So you are hitting the trails and planning on taking some lunch or perhaps you are doing an overnight hike. It’s important to pack your food properly, both before you leave and when you’re on the trail.
Bacteria that can make you sick (e.g., salmonella) need certain conditions to survive. They grow well in foods that are moist and rich in protein (e.g., meat, poultry, dairy products) and between the temperatures of 4 to 60 °C (40 to 140 °F). In the right conditions, bacteria can multiply every 20 minutes. This can quickly make your food unsafe to eat.
To keep your food cool in the backcountry:
- pre-cook all perishable foods and plan to eat them first
- freeze food before you leave and try to pack it all together
- pack perishable foods in ice or with freezer packs
- store food in lakes or streams when you’re at your campsite (remember to use airtight plastic bags to keep the water out)
Other tips about food in the backcountry
- Always wash your hands or use hand sanitizer before handling any food.
- Do not handle or prepare food if you’re not feeling well.
- Bacteria don’t grow well on dry or acidic food. Bring dry foods (e.g., nuts, fruit) and packaged foods that can be rehydrated.
- Pack food in reusable containers that can be cleaned and used for repacking (this’ll help create less waste).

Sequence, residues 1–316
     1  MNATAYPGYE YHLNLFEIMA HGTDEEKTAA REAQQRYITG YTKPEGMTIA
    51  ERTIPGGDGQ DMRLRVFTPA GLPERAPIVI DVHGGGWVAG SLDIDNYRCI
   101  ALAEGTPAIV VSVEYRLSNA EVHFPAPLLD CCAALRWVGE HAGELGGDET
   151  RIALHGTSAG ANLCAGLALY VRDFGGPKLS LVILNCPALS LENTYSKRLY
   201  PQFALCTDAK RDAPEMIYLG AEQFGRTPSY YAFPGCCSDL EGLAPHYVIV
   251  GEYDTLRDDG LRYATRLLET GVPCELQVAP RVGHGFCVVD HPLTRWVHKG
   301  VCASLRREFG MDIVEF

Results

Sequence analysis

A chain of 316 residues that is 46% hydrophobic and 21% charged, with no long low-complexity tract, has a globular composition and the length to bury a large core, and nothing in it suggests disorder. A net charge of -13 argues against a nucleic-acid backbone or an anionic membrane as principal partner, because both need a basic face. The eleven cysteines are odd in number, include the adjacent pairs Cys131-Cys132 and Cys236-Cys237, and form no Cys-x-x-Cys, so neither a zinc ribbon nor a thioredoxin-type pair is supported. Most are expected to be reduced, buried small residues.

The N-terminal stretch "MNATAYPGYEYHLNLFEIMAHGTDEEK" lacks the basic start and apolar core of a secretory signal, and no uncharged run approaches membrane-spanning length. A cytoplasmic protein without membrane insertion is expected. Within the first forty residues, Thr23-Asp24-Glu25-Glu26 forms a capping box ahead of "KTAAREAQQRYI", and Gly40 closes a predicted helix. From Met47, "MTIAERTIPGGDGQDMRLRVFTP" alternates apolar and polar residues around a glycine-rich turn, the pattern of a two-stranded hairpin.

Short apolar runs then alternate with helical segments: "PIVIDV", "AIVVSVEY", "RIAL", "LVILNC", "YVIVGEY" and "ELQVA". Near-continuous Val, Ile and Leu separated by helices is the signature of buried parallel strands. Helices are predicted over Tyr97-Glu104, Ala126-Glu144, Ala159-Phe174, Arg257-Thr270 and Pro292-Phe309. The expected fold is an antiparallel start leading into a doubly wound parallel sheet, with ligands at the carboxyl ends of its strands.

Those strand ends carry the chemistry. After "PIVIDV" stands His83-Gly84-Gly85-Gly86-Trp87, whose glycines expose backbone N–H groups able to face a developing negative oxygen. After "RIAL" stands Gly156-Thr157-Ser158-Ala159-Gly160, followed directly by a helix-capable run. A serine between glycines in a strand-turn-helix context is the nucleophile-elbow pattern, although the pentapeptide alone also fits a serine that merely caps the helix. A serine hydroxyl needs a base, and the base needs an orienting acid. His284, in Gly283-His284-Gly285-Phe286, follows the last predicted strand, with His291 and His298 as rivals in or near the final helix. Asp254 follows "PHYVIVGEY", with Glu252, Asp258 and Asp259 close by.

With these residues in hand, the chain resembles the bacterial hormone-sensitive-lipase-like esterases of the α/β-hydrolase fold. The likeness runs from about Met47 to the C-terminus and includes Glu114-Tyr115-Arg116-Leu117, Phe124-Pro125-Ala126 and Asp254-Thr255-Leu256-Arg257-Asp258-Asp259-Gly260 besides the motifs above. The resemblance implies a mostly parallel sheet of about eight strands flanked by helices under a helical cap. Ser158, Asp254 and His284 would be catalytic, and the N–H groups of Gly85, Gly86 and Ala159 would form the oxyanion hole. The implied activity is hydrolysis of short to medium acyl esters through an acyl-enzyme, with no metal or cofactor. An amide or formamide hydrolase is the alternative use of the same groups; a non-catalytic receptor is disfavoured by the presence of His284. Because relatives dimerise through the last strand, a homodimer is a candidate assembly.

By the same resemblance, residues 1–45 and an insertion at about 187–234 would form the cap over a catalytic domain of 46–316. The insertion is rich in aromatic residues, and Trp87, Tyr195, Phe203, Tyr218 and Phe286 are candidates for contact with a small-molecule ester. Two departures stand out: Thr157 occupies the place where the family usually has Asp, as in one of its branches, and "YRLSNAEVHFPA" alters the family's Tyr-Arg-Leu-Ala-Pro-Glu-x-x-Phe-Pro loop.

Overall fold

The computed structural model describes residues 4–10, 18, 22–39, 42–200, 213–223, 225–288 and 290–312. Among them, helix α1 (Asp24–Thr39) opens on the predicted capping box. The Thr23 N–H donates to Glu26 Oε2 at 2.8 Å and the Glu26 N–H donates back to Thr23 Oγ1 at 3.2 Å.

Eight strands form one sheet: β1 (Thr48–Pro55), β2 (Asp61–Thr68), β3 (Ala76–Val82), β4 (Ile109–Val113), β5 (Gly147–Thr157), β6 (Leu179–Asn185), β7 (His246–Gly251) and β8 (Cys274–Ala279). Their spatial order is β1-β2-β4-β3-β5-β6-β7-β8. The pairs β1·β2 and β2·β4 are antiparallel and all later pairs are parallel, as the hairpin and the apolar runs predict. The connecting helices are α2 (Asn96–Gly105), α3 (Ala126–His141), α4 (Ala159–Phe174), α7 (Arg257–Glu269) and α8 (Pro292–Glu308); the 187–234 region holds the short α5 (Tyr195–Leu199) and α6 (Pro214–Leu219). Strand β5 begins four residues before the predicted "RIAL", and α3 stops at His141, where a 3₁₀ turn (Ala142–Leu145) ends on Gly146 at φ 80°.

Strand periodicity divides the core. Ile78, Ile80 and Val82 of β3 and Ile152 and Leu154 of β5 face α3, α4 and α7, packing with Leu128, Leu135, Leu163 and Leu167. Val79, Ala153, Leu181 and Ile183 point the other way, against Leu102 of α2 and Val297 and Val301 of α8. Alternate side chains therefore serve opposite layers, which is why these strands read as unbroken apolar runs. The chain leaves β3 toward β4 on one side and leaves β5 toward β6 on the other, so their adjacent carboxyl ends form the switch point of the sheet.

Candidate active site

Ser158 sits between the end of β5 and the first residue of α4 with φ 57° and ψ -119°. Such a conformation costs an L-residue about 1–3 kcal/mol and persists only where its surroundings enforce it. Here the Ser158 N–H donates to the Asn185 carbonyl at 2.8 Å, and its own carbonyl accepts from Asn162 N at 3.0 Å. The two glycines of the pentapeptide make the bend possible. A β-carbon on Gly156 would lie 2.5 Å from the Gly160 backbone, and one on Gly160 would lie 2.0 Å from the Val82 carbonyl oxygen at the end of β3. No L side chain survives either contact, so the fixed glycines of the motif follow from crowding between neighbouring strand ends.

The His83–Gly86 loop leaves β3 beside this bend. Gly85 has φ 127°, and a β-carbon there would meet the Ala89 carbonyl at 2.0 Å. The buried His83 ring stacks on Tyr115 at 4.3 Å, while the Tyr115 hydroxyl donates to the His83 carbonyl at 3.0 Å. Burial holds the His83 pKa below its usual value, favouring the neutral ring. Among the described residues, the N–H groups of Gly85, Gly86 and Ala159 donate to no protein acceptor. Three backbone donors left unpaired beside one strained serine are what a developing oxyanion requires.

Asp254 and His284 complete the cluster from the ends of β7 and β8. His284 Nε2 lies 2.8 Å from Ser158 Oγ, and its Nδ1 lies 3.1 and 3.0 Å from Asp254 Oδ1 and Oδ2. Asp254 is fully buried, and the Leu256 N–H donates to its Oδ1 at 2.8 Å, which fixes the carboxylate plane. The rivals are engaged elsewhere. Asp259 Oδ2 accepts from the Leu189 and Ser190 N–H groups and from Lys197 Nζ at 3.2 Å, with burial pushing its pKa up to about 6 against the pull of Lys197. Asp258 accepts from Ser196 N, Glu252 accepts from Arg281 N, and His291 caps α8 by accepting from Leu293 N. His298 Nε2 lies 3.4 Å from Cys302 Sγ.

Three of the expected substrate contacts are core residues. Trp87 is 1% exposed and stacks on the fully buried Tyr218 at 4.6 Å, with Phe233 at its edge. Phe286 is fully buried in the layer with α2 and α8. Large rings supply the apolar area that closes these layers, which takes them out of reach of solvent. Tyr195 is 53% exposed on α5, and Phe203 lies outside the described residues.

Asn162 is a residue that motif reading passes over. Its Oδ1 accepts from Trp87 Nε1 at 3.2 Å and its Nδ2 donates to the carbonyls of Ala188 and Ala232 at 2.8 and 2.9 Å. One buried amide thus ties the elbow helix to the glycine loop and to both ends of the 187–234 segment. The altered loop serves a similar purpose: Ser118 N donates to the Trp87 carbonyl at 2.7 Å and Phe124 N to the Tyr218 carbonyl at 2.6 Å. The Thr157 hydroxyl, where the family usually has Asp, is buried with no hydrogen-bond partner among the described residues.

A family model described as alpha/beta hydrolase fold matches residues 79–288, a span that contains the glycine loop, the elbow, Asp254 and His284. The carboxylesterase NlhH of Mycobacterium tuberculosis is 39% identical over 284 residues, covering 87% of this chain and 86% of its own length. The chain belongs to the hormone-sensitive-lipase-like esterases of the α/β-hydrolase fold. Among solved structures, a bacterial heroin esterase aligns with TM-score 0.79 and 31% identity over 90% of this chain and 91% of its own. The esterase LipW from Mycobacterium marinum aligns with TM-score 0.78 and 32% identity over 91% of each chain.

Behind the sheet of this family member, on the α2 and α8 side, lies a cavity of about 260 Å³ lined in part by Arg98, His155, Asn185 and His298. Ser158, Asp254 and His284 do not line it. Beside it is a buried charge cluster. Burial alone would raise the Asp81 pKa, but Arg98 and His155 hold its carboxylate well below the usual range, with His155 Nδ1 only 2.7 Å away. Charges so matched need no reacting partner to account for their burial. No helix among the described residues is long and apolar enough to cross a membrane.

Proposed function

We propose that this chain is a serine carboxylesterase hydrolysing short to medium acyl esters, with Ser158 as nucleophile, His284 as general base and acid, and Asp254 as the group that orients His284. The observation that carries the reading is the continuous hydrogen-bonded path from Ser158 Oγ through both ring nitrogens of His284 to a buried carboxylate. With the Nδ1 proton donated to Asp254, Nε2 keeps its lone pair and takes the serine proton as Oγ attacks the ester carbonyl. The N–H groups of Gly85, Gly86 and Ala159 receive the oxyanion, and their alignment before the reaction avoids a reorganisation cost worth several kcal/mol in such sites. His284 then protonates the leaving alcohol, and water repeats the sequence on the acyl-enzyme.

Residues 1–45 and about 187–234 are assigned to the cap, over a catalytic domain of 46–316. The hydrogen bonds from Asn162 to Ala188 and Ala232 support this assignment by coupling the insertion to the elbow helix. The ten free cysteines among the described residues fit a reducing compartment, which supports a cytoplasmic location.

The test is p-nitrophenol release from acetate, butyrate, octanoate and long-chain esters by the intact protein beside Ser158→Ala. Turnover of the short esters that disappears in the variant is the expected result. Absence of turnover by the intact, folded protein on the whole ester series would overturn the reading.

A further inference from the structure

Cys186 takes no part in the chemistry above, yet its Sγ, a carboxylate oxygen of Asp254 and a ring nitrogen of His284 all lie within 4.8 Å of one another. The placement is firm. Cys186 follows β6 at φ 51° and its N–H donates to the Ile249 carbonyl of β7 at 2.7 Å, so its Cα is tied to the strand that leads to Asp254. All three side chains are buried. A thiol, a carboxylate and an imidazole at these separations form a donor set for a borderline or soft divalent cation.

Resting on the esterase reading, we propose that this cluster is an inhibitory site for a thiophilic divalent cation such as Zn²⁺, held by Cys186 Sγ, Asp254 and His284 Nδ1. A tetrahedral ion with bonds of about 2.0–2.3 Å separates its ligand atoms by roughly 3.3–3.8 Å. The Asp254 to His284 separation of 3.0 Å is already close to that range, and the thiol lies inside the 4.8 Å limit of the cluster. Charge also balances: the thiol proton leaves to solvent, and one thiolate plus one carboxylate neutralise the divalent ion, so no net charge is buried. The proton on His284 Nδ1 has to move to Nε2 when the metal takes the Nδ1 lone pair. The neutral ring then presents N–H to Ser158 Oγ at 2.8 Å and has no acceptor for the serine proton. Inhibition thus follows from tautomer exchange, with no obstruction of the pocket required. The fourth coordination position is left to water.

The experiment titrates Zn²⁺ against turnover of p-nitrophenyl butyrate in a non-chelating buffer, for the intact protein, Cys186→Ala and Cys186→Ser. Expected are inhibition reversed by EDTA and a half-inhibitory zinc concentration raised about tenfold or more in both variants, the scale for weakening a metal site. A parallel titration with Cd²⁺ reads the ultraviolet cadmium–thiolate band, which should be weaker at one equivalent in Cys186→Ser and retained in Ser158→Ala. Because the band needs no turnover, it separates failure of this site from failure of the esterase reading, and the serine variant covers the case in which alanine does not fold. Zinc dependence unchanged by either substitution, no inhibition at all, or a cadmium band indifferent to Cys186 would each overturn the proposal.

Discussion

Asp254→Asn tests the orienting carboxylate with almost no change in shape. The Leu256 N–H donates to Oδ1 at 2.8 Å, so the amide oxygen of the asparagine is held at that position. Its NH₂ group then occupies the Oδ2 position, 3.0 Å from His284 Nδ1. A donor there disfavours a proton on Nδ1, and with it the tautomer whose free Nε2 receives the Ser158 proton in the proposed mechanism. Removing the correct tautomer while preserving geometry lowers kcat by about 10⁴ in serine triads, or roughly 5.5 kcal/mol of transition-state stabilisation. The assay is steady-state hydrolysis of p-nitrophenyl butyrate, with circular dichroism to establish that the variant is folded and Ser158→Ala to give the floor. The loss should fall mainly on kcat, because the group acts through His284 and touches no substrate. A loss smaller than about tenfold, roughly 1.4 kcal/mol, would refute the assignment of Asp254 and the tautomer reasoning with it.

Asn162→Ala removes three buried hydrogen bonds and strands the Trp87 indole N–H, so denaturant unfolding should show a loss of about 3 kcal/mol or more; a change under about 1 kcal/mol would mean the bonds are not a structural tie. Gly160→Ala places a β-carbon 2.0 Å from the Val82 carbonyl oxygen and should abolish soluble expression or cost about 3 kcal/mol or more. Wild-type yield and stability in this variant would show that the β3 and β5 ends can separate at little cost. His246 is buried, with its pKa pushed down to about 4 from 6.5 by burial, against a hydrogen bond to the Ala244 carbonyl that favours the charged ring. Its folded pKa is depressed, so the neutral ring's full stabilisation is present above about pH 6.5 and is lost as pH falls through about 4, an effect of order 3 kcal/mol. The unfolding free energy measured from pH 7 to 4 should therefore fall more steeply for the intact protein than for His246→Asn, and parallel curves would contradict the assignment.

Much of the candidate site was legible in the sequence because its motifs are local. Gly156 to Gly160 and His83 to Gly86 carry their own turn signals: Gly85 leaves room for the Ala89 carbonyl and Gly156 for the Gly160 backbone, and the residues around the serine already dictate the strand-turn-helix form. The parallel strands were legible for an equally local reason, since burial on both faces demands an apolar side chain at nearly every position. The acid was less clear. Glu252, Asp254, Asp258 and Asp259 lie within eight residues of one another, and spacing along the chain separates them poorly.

- If you have to mix ingredients, do it just before eating them.
- Take food that doesn’t need to be kept cool (remember that canned food is heavy and the cans will have to be carried back out).
- Ultra High Temperature (UHT) milk doesn’t need to be kept cold when it’s unopened (but it must be used right away or kept cold after it’s opened). You can also use powdered skim milk. Mix the powder with water you’ve already filtered and boiled. See Drinking Water in the Backcountry to learn how to make your water safe to drink.
- You can buy dehydrated meals in some stores. Plan to eat the whole meal right after you rehydrated it. Don’t keep any rehydrated food to eat later.
- Store food away from animals, in food storage lockers, on high platforms, or hung in a tree with rope or cable. Never bring food into tents or sleeping areas.
For more information on staying health while in the backcountry visit: https://myhealth.alberta.ca/Alberta/Pages/packing-food-backcountry.aspx